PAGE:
The Design and Usuability Revamp Part II

As promised, and without any further delay, here is the analysis of the Digital Farm re-design (Part 1 can be viewed here).

Let’s start with a bit of a background. The Digital Farm started in about October last year. The reason for it:

  • Firstly, to have a bit of fun and try this thing called blogging.
  • Secondly, as a bit of a learning experience into this area of the internet and the design it entails.
  • Thirdly, to see if I could drive a bit of traffic to our company website.
  • And fourthly, to showcase my portfolio and hopefully sell my skills better.

The original design of Digital Farm was basically the default wordpress template file with a customized top banner, not much of a platform to showcase my work! In fact, probably the most average blog design you will see on the internet today. But as I learned more and more about this content management system and the wonderful way it works, the style of the site became more and more me, and less and less wordpress.

Right now we are ready for the re-design analysis.

Colour palettes

“The ‘technical’ method of colour-selection involves choosing one or two dominant colours from the colour wheel, to be used with a small set of complimentary colours” (Source: Mezzoblue).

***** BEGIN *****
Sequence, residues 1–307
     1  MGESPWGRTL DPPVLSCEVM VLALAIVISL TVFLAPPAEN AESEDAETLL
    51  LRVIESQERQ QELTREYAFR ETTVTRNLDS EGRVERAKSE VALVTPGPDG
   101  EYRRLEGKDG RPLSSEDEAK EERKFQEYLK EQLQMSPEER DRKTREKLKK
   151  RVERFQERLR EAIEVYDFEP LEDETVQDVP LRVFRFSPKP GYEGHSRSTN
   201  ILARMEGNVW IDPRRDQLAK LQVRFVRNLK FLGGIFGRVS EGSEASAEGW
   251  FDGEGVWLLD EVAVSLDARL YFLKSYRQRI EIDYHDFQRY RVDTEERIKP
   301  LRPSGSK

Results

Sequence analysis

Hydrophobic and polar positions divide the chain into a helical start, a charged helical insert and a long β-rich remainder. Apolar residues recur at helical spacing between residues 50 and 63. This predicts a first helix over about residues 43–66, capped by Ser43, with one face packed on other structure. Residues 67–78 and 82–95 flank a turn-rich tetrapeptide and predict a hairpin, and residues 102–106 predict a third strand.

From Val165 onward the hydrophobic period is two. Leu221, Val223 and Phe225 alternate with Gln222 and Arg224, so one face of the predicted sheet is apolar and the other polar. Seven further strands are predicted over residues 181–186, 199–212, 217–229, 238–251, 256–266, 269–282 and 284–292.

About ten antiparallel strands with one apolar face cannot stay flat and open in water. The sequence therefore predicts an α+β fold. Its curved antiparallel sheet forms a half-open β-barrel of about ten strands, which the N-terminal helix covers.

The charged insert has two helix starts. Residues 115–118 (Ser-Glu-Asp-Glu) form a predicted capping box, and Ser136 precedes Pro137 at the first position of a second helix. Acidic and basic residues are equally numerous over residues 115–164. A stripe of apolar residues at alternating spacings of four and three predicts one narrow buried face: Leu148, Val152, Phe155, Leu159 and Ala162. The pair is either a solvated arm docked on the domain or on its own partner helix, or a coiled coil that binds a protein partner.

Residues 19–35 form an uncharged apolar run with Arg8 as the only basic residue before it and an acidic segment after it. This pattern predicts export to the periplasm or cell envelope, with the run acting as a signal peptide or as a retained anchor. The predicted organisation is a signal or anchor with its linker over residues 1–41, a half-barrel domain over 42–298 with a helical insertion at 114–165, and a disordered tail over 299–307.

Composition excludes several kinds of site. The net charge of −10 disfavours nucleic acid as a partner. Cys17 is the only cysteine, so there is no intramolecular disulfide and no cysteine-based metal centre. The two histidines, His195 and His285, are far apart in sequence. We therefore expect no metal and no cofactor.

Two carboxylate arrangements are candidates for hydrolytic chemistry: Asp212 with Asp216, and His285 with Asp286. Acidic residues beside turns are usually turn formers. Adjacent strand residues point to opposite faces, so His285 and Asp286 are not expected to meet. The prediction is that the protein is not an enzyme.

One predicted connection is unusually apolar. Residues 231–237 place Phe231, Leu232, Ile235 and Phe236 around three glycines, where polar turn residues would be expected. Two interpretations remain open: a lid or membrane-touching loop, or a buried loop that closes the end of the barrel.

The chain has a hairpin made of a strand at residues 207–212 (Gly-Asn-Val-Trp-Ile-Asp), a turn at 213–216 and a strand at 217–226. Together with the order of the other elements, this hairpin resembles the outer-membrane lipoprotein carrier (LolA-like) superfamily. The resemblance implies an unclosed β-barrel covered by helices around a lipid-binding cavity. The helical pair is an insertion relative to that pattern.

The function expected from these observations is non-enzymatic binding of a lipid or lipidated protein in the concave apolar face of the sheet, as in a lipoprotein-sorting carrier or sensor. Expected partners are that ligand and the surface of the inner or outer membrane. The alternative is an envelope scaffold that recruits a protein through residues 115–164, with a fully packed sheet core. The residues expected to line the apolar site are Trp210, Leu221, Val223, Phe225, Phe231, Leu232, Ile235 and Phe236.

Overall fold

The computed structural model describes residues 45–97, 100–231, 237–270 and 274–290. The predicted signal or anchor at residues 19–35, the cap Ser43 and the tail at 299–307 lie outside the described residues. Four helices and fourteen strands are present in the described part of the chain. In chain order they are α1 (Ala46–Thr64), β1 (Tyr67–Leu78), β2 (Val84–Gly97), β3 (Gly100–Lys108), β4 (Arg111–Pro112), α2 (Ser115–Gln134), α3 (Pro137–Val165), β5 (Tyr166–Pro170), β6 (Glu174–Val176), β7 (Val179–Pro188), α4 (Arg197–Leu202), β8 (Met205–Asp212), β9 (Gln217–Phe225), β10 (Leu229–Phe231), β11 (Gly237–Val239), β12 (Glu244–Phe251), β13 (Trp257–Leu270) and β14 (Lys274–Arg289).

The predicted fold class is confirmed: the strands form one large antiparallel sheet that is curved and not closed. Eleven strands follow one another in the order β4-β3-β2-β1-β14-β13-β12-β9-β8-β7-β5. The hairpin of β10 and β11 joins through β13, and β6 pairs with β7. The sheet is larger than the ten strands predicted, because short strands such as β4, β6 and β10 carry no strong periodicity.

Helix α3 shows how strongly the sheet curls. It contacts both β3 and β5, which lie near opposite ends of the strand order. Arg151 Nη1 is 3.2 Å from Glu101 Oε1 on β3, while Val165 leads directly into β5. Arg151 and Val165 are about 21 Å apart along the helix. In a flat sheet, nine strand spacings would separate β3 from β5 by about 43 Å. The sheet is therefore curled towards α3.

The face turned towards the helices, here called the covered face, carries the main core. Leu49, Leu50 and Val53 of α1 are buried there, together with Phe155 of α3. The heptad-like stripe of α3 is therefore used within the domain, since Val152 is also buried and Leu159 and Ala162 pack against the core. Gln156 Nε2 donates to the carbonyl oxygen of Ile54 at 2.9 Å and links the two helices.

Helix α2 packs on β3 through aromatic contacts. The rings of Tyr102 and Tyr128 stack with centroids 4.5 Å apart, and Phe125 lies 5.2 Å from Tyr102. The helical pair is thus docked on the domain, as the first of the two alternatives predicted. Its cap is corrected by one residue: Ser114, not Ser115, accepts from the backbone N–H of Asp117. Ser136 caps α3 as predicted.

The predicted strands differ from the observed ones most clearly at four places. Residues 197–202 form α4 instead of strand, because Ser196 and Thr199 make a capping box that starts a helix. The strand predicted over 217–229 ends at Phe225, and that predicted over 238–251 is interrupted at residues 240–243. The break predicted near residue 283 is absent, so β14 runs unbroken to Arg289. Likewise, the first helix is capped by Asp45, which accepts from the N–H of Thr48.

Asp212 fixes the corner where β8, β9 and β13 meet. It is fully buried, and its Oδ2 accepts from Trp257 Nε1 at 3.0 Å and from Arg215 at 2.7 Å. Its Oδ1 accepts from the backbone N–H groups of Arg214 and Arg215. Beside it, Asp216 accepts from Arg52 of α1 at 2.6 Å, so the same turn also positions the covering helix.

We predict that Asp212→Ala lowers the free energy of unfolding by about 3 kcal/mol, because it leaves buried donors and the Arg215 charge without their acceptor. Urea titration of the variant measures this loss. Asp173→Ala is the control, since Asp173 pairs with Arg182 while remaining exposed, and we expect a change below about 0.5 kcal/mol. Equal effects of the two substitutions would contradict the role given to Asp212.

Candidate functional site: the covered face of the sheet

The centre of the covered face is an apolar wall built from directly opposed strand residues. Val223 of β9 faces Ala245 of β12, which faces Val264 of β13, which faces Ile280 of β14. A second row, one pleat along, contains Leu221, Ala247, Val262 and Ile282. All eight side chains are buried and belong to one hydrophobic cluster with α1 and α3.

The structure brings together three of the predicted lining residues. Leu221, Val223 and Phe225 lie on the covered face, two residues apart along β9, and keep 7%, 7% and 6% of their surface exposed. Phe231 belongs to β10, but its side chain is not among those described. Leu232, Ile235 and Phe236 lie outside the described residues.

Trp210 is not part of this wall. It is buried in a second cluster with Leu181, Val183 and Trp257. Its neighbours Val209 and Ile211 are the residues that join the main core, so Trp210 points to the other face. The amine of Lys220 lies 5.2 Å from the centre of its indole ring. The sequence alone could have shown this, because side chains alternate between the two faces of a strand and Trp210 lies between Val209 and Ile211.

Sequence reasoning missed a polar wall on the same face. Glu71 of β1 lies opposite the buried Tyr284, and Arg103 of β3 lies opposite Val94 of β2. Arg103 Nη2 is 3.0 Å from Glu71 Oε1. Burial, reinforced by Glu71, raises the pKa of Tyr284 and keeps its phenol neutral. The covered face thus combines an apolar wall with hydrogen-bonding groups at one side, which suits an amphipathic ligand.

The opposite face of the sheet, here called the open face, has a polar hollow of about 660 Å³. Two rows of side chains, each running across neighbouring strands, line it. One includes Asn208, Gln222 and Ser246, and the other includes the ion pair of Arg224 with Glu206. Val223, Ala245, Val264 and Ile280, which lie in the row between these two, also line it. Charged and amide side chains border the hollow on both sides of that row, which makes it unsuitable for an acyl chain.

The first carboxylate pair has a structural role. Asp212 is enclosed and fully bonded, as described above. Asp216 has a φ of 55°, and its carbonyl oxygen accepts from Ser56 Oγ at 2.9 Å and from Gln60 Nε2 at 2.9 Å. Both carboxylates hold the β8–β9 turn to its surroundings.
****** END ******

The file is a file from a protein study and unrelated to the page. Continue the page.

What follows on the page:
I wanted the Digital Farm to look fresh, fresh as fresh cut grass, so I used a colour combination that I thought encompassed that. The palette consists of blues and greens, then I used complimentary tones of those two colours. Voila.

The digital farm colour palette

If you are looking at a revamp of your site, take colour combinations seriously. Often people just throw together some colours that they think work well together, but when seen by somebody else they might think it looks horrible.

Use the tools available to you on the net, like colorblender (http://www.colorblender.com/ ), that has hundreds of beautiful, eye-catching (in the right kind of way) colour palettes to choose from.

Good designers use typefaces, great designers use typography

A quote from the “Good design vs. Great design” slideshow presented by three of the top web designers in the world at the @Media conference in London last month, reads “great typography is not choosing a ‘cool’ font, great typography is invisible”. When choosing fonts for the re-design I chose fonts that are modern classic, and of course web 2.0 compliant.